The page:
How to Legally Change Your Middle Name

by David Carnes

    Most states recognize an inherent right to change your name for non-fraudulent purposes. If you want to change your last name due to marriage, divorce, or adoption, most states do not require a court. Most states do, however, require a court order to change your middle name. Although the laws of the various states differ on the procedure, certain principles are common to every state. Consult the law of your state for the exact procedure.

    Step 1

    Obtain proof of residence in your state. A state driver's license, a state tax bill or a copy of a long-term lease should be sufficient. Some states require you to have resided in-state for a set period of time -- 30 days, for example -- before you may file a name change petition.

    Step 2

    Download and print a name change petition from the website of your state government. Some states do not offer such petitions, instead requiring you to draft your own. If you live in a state that requires you to draft your own petition, your petition must include all of the information required by the state name change statute.

    Step 3

    Complete the name change petition. You will be asked to provide identification details about yourself such as your current name and address. You will also be asked to explain the reason you want to change your name.

    Step 4

    Gather any required supporting documentation. Some states require a copy of your credit report, while others require a certified copy of your birth certificate.

    Step 5

    Submit your name change petition to the court clerk of the appropriate state court with jurisdiction over your county of residence, together with any required supporting documentation and the appropriate filing fee. The court will schedule a hearing date and notify you. Some states do not require you to attend a hearing.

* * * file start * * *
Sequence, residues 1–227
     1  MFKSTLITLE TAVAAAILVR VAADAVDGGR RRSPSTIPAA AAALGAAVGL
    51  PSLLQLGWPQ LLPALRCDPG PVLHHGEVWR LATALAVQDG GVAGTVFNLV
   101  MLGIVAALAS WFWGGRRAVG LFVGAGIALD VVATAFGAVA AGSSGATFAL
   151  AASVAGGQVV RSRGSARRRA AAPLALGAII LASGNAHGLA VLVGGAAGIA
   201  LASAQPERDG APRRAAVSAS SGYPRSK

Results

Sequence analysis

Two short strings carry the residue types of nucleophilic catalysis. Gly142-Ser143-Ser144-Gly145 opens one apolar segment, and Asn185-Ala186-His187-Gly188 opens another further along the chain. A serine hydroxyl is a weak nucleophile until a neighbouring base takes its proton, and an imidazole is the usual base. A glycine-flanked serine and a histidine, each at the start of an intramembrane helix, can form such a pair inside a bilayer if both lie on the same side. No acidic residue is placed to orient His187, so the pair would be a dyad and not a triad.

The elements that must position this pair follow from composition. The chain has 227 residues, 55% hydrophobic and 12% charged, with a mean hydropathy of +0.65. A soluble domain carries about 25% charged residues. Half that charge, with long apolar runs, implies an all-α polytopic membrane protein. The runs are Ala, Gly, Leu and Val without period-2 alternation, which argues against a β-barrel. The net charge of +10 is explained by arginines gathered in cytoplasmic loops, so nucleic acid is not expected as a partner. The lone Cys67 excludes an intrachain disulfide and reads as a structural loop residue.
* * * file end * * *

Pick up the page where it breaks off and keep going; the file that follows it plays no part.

Step 6

    Publish a notice of your intent to change your name in a newspaper of general circulation in the county of your residence. Some states do not require publication. North Carolina, by contrast, requires you to post your notice on the courthouse door. The purpose of the notice is to give anyone a chance to object to your name change.

    Step 7

    Attend your name change hearing. Bring proof of publication of the name change notice. If there has been an objection to your name change petition, you might be required to defend your name change petition at the hearing. If your petition is approved, the judge will issue a name change order and the court will send you a certified copy of the order.

    Step 8

    Use your certified copy of the name change order to change your middle name on identity documents such as your driver's license, personal ID, Social Security card and passport. You will have to fill out forms and pay various fees to replace your identification documents.

    Things Needed

    Tips & Warnings

    • A court may deny your name change petition if it encounters evidence that you wish to change your name for a fraudulent purpose such as evading debts or criminal prosecution.

    About the Author

    David Carnes has been a full-time writer since 1998 and has published two full-length novels. He spends much of his time in various Asian countries and is fluent in Mandarin Chinese. He earned a Juris Doctorate from the University of Kentucky College of Law.

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